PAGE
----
Sustainability > Soil
Grow soil, not food.
I read that somewhere, years ago, and it was probably John Jeavons. Jeavons’s gardening system is unique in that he has you using a good bit of your space to grow compost. Or rather, to grow things to be composted.
All in all, it is a very necessary thing to consider. When you eat from your land, you are only eating as healthfully as the soil is healthy. If you are lacking certain minerals in the soil, you will end up lacking them in your body. This is one reason why my family doesn’t strive to be 100% eating from this land. We know there are gaps —I mean, it was an industrial agriculture corn and soy field.
Growing soil: We compost religiously — I have already done a post on that. We don’t walk on the soil — I have mentioned that. We don’t till or plow the soil — I have mentioned this too. We have permanent garden beds — I have mentioned this too. We have grass paths between our garden beds — yep, already talked about this. We plant trees so they can pull up deep minerals. — I want to talk about this. We have animals for their manure — I am going to talk more about this in a minute. We try not to leave the soil bare — but we need to do better with this one.
Trees for the garden: I love trees. Plain and simple, and I would plant them for no other reason than for the simple joy they bring me. These beauties sink their roots deep into the earth and pull minerals up into their leaves . . . And then they drop those leaves, conveniently, within my reach each autumn. And so, I thank them, marvel at their beauty and thoughtfulness, and then gather up about half the leaves. I leave the other half to return minerals to the soil that is supporting the tree. The leaves I gather are added to the compost pile or tucked up around other plants — like the hibiscus, or a new little tree just getting established. Since we also heat our home with wood, the ashes are added to the compost as well. The ashes are another source of minerals for the soil.
Animals for manure: We have, in the past, had animals that we intended to eat (chickens, goats, sheep, and cows), or milk (cows and goats), or collect their eggs (chickens), or harvest their wool (sheep).
- I have to tell you, I can’t do it. I can’t raise a creature, love that creature, and then kill and eat that creature. So I choose to be mostly vegetarian
- The second great revelation was with dairy animals. I can’t do that either. First of all, you need a male (or have access to the male). Then you have to decide if you are keeping all the babies, if you don’t you’ll have to sell them or find homes for them. Babies come with tiny little horn buds. Some people have no problem burning them off with a very hot iron. I do have a problem with that. So I let their little horns grow. But most people don’t want an animal with horns. And finally, we learned that our family is highly lactose intolerant. So no more dairy animals.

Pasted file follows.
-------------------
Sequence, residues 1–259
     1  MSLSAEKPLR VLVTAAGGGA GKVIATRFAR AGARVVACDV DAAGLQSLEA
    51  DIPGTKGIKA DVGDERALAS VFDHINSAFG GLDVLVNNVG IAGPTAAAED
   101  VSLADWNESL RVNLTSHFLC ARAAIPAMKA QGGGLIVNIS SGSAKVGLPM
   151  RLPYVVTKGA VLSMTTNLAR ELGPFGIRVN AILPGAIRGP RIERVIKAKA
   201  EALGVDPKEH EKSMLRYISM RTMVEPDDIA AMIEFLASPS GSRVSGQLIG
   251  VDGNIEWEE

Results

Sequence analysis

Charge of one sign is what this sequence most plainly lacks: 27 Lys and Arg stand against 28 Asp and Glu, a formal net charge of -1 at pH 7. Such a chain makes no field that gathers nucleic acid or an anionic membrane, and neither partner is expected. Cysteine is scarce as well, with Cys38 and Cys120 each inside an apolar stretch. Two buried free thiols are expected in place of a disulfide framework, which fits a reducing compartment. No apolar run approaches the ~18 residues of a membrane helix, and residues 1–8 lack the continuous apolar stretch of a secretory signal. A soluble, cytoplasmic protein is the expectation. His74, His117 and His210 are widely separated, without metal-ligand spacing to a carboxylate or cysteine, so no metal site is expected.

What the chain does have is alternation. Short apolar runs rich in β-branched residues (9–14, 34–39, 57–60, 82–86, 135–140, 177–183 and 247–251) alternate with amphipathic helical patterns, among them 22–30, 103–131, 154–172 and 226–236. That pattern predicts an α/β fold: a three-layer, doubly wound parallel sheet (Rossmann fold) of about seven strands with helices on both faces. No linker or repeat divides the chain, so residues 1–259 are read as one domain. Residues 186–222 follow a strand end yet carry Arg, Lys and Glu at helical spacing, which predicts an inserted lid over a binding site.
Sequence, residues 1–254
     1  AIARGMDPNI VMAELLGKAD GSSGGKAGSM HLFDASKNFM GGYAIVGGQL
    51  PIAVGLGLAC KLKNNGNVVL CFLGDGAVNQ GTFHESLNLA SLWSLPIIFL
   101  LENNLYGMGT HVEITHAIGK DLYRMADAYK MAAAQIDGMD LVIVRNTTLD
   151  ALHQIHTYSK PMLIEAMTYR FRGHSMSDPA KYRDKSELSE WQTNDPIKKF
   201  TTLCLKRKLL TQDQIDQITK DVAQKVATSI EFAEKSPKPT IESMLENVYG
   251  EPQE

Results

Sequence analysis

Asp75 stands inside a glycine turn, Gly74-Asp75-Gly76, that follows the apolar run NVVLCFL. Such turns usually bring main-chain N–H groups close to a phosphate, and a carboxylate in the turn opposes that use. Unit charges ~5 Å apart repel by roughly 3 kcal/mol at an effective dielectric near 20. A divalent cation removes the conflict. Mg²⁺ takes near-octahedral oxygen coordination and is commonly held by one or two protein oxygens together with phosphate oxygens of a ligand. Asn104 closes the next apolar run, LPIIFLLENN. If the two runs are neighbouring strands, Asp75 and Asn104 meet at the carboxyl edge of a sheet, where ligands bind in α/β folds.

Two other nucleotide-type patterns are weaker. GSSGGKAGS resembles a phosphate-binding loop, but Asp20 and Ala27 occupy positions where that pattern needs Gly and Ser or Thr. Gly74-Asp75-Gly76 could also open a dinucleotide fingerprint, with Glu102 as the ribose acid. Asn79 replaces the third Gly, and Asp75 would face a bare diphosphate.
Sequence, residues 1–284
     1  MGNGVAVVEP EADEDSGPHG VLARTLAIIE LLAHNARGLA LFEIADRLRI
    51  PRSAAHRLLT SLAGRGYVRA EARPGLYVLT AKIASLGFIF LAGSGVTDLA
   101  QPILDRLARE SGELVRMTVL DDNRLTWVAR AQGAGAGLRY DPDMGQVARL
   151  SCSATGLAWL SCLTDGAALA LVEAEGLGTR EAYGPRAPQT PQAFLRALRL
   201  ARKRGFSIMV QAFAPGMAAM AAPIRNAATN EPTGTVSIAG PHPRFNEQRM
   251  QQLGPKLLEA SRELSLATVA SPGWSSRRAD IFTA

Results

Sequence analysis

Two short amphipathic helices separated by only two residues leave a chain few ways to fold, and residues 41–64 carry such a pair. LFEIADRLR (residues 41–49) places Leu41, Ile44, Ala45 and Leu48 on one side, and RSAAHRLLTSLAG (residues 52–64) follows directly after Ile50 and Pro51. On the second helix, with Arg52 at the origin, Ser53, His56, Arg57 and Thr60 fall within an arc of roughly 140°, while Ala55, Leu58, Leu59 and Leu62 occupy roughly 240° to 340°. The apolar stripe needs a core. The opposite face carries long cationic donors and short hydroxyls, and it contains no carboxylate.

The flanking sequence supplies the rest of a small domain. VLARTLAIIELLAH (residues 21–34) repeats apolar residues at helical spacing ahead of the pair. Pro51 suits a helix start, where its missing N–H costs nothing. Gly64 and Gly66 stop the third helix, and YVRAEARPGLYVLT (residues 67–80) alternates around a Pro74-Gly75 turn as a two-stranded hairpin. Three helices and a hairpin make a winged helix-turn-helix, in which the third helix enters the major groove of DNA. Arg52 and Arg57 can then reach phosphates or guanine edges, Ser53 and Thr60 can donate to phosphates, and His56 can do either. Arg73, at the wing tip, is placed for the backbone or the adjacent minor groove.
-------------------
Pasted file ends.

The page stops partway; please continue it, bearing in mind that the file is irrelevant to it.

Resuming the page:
- My favorite animals (other than rabbits and chickens) to have on the farm are sheep. I adore them. After learning to card wool, spin wool, and knit — I also learned that I am very allergic to lanolin. Like in, it looks like I took an acid bath. Not good. So we sold my beloved sheep.
After all these experiments and failures, we decided on keeping animals for what they can add to the soil. And what they can add to the soil is POOP!
- We have a hutch of very spoiled rabbits whose sole duty in life is to poop. Michael collects this poop and adds it to the compost pile. I couldn’t honestly even tell you for sure if our rabbits are boys or girls. That’s because their sole duty is to poop not repopulate the planet. Our rabbits all have names from Watership Down.
- We also have a handful of laying hens. These hens have two duties on the farm. The first is to eat our scraps, our lawn clippings, and our garden weeds, and scratch through it repeatedly while pooping to speed along the compost process. Their second duty is to give us a few eggs a day. Really, this is just a bonus. Our chicks are named after Ogham trees, although really their names are “the ladies.”
No Bare Soil: This is an area where we have lots of room for improvement. What we will strive to do better with next year is succession planting — which means I need to start seeds in containers that can be put into beds when another crop comes out.
I also need to spend time this winter learning more about mulching techniques for the garden beds. This autumn we started mulching the bed with grass clippings from the chicken yard. The clippings have been scratched at for several weeks, so no seeds, and has a little bit of manure in it. So far I’ve covered about half the beds and they seem to be staying pretty weed free. We’ll see how that turns out.
It is really hard to get clean straw around here so I need to do some reading. I have _Practical Permaculture_, _The Resilient Farm_, _How to Grow More Vegetables . . . _, and _No Dig Organic Home & Garden _ queued up and waiting for cooler weather.